Beyond Toleration

Beyond Toleration : The Religious Origins of American Pluralism

3.76 (13 ratings by Goodreads)
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Description

At its founding, the United States was one of the most religiously diverse places in the world. Baptists, Methodists, Catholics, Episcopalians, Presbyterians, Congregationalists, Quakers, Dutch Reformed, German Reformed, Lutherans, Huguenots, Dunkers, Jews, Moravians, and Mennonites populated the nation's towns and villages. Dozens of new denominations would emerge over the succeeding years. What allowed people of so many different faiths to forge a nation together? In this richly told story of ideas, Chris Beneke demonstrates how the United States managed to overcome the religious violence and bigotry that characterized much of early modern Europe and America. The key, Beneke argues, did not lie solely in the protection of religious freedom. Instead, he reveals how American culture was transformed to accomodate the religious differences within it. The expansion of individual rights, the mixing of believers and churches in the same institutions, and the introduction of more civility into public life all played an instrumental role in creating the religious pluralism for which the United States has become renowned. These changes also established important precedents for future civil rights movements in which dignity, as much as equality, would be at stake. Beyond Toleration is the first book to offer a systemic explanation of how early Americans learned to live with differences in matters of the highest importance to them - and how they found a way to articulate these differences civilly. Today when religious conflicts once again pose a grave danger to democratic experiments across the globe, Beneke's book serves as a timely reminder of how one country moved past toleration and towards religous pluralism.show more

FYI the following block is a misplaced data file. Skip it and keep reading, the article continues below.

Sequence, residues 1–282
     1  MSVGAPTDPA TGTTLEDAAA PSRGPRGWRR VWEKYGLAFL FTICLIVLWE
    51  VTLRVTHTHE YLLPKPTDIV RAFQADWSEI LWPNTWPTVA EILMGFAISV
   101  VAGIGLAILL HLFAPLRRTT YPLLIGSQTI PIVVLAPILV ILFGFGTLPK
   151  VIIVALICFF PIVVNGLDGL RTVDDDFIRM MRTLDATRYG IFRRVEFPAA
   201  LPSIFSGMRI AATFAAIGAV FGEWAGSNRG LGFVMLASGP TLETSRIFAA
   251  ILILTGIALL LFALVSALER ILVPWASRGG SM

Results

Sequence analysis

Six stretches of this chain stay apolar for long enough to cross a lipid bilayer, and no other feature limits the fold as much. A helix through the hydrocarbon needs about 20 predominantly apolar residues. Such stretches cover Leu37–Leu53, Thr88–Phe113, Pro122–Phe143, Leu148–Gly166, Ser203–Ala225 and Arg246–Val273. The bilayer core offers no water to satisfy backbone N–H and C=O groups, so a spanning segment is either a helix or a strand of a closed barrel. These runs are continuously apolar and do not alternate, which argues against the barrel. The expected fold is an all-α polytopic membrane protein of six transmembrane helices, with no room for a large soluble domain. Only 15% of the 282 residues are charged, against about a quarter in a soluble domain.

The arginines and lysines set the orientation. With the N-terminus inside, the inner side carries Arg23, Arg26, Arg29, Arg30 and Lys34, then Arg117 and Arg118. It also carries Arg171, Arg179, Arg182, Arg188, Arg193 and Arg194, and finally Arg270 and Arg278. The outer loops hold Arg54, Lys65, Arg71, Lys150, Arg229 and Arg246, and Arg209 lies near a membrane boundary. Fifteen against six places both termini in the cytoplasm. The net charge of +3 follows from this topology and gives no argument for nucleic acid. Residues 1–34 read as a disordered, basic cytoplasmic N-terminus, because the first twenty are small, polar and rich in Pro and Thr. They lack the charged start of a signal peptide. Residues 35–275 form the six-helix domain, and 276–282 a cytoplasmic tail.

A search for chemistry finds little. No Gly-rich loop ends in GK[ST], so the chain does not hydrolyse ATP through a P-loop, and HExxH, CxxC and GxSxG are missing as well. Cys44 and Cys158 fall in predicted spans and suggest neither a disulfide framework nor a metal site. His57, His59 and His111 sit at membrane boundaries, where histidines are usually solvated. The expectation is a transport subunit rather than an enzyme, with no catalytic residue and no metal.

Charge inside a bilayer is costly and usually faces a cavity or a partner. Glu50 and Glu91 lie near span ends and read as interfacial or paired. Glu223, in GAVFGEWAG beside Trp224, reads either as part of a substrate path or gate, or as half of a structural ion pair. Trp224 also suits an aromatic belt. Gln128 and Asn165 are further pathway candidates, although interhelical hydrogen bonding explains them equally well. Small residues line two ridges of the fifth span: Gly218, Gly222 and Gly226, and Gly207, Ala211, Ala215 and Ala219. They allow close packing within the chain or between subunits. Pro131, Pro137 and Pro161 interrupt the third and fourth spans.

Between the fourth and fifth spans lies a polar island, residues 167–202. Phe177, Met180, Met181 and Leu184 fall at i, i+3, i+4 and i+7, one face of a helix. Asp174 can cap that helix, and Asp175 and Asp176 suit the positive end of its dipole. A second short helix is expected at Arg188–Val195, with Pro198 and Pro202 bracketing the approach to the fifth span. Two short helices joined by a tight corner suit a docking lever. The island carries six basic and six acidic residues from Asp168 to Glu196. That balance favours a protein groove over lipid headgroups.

Product details

  • Hardback | 320 pages
  • 162.6 x 236.2 x 30.5mm | 589.68g
  • Oxford University Press Inc
  • New York, United States
  • English
  • 0195305558
  • 9780195305555

About Chris Beneke

Chris Beneke is Assistant Professor of History at Bentley College in Waltham, MA. He received his Bachelor's degree from Cornell University and his PhD from Northwestern University.show more

Review quote

In this well-written book, Chris Beneke argues that American colonials, even before the American revolution, had moved beyond the legal 'toleration' of religious dissenters to create a pluralist culture that made the category of 'religous dissenter' irrelavent. Several centuries later Americans still wrestle with the meaning of cultural pluralism, but Beneke correctly insists that men and women of ardent faith first made the concept central to the concept of liberty. * R. Laurence Moore, author of Touchdown Jesus: The Mixing of Sacred and Secular in American History * Written in a sparkling style, this book exhibits a comprehensiveness - both in the text and in the notes - that wins immediate confidence. Moreover, the theme of the development of religious liberty in America is one whose significance can hardly be exaggerated. Readers will be richly informed by this wise and perceptive book. * Edwin S Gaustad, author of Roger Williams and Benjamin Franklin * I know of no book that traces the historical transition from toleration to religious liberty in America as well as this one. This highly readable and well-documented text is sure to enjoy a wide readership. * Derek H Davis, author of Religion and the Continental Congress, 1774-1789: Contributions to Original Intent *show more

Rating details

13 ratings
3.76 out of 5 stars
5 15% (2)
4 54% (7)
3 23% (3)
2 8% (1)
1 0% (0)
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